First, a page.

Wow, another week of Makeover Monday has already flown by and there were 90 submissions as of Friday morning (CET). This week we looked at Domestic and International New Zealand Tourism Spend. I hope everyone enjoyed the challenge and had a chance to learn a bit about NZ as well as one of its main industries.
All of us are constantly learning and I would think that most of us also make an effort to improve our work and our processes continuously. That includes Andy and me as well and because of that, I included data definitions in the data files. The Excel spreadsheet contained a sheet with definitions, while the TDE had comments for each field to ensure people knew what they were working with. I hope you found this helpful for your analysis.
I noticed that more and more of the submissions now include a listing of the data source and the author’s details, which is great!
I also liked that a few vizzes this week included an info button, which, upon pressing, revealed the data assumptions and explanations taken from the original viz. This is helpful for those wanting more information and is an elegant way to provide the detail without cluttering up the viz.
Thirdly, there was an optional dataset with geospatial data. Not required as part of anyone’s submission, but I enjoyed seeing the creative solutions some people came up with, especially doing tiled maps for NZ, which I hadn’t seen before. If there ever was a time and place for experimenting, #MakeoverMonday certainly is a good opportunity…
There is still work to do
Like I said, we’re all still learning and there have been a few key issues we have seen this week.
This dataset included an index. The Regional Tourism Index has a baseline of 100 based on Tourism spending via electronic cards during an average month in the year 2008 (which was not very eventful and was also the start of this data collection by the Ministry of Business, Innovation and Employment). Each region in the dataset has achieved a certain index every month over the years.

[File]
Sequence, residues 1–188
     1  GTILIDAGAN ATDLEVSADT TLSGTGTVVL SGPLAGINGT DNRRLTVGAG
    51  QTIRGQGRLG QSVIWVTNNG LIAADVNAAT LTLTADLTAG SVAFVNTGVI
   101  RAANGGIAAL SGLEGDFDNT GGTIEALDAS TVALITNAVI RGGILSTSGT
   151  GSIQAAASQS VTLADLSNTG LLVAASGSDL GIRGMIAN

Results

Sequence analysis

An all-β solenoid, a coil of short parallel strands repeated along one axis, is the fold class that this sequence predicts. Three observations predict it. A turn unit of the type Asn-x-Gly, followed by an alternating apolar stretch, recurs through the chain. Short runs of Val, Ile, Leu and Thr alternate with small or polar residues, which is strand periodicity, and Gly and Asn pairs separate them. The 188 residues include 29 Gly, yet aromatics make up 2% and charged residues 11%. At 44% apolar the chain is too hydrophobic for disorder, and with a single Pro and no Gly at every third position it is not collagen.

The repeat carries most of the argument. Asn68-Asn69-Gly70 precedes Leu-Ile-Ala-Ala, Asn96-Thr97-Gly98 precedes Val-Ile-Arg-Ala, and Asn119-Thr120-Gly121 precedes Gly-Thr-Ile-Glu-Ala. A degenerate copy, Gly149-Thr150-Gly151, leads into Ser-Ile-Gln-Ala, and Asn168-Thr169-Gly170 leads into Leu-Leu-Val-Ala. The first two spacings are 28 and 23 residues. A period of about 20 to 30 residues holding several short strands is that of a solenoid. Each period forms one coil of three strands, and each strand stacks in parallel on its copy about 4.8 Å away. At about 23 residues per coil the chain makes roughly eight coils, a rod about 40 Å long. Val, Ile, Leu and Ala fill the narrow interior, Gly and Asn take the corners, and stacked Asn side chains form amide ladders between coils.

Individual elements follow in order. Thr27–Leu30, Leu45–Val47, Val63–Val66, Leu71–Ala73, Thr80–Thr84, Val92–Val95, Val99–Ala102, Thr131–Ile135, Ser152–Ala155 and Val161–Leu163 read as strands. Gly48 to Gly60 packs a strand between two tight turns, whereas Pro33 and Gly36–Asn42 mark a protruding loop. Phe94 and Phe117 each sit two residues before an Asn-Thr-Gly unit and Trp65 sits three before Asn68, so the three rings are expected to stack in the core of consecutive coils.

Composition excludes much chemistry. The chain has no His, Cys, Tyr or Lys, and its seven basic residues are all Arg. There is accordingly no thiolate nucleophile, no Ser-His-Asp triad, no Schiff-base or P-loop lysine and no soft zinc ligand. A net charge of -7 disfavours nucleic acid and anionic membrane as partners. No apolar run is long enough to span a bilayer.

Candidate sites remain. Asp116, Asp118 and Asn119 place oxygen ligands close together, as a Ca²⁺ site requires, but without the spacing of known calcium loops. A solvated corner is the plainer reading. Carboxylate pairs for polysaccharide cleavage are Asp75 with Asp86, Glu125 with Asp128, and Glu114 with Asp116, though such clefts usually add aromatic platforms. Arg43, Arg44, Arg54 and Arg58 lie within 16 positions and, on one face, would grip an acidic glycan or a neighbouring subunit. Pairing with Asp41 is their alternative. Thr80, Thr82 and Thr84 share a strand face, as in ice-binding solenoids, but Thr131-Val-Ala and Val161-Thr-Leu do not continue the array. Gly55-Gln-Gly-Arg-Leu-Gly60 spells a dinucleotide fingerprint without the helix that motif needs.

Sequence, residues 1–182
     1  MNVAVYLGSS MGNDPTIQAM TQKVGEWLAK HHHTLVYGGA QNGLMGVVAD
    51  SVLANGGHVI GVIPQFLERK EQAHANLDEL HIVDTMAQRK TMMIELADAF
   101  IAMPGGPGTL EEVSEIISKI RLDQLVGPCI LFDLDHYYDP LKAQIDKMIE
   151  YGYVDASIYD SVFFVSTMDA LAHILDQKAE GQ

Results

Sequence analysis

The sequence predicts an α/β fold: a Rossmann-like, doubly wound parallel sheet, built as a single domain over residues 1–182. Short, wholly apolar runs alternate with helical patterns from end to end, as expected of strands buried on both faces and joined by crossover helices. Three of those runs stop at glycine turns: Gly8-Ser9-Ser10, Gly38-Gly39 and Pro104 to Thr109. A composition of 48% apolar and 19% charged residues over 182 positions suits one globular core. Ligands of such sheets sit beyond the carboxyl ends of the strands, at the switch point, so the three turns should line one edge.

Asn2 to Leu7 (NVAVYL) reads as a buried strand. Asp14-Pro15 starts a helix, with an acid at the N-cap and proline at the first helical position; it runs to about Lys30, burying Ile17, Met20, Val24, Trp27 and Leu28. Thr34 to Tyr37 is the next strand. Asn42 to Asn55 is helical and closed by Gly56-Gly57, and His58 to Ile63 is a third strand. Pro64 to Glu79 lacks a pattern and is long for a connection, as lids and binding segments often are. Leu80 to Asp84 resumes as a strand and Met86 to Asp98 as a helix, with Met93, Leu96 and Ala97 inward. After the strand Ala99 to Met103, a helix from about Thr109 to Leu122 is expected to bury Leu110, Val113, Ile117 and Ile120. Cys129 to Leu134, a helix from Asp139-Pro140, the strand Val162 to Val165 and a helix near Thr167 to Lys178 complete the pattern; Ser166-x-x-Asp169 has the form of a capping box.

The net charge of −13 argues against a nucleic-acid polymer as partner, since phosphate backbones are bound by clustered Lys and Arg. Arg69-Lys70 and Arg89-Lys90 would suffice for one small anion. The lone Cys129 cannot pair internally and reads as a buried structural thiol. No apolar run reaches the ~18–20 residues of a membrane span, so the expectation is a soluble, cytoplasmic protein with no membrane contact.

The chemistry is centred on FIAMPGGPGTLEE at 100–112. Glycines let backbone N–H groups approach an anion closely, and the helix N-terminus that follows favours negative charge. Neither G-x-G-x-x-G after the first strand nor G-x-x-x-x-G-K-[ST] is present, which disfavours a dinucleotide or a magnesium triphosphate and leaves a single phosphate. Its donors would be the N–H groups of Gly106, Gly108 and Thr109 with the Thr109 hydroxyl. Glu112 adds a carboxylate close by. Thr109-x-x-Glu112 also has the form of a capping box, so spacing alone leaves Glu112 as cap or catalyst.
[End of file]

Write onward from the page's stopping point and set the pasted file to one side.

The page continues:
Being an index, you cannot sum it up like $$$, but some people used a SUM() rather than AVG() aggregation for their visualisations. Nope, that makes no sense. AVG() is the way to go here.
That being said, however, people also ran into trouble when they averaged those averages, for example across regions. That can’t be done and will yield incorrect results. The only way this data can be used is at either an individual region level [Region] or at a total country level. For the total country you had to use the Total (All TLAs) member of the [Region] field.
For a thorough explanation on this, please check out Andy’s blog from this week.
Note: I thought very long and hard about whether to exclude the total from the dataset because I anticipated that some people wouldn’t notice it and come to incorrect conclusions. But I didn’t want to temper with the data by deleting useful values. And also, you guys need to do a bit of analysis yourself. Us pre-determining everything won’t help you learn or get better at this stuff.
Lesson here: Analyse first, build your dashboard later. Look at the dimension members you are using and see whether they make sense. There’s an easy way to do so, which I wrote about here.
Annual vs monthly analysis
The data was at a monthly level, from 2008 to 2016. But 2016 was not a complete year so if you compare regions at a yearly level it is best to exclude 2016 because it only contains a few months rather than all months like the other years.